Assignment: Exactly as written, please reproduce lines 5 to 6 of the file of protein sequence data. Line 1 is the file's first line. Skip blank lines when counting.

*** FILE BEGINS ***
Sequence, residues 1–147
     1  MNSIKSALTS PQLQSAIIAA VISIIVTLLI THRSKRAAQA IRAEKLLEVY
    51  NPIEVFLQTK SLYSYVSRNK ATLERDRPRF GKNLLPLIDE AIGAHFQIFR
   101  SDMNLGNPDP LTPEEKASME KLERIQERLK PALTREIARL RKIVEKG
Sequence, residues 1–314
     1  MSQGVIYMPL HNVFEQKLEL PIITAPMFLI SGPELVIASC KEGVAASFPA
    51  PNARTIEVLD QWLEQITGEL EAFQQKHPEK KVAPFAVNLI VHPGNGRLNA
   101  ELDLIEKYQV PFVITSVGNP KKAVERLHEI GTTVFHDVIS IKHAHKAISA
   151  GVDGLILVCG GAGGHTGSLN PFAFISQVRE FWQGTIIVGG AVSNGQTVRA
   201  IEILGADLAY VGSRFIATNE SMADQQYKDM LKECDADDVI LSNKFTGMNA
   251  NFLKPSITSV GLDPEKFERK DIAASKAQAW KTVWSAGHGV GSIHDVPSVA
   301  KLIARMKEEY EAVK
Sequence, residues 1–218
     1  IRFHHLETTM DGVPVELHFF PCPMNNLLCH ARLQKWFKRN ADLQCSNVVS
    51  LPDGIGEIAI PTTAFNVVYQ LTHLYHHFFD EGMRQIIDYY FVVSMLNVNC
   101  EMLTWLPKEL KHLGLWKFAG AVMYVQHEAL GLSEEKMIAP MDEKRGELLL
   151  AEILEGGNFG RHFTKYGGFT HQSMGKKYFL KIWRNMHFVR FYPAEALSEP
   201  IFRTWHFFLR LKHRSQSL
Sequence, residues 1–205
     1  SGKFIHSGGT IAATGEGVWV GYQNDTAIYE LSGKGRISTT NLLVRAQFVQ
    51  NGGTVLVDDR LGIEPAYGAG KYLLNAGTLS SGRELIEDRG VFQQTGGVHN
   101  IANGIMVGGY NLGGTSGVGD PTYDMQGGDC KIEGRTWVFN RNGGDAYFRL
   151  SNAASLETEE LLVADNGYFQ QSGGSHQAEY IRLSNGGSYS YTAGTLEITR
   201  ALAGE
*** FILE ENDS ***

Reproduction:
Sequence, residues 1–314
     1  MSQGVIYMPL HNVFEQKLEL PIITAPMFLI SGPELVIASC KEGVAASFPA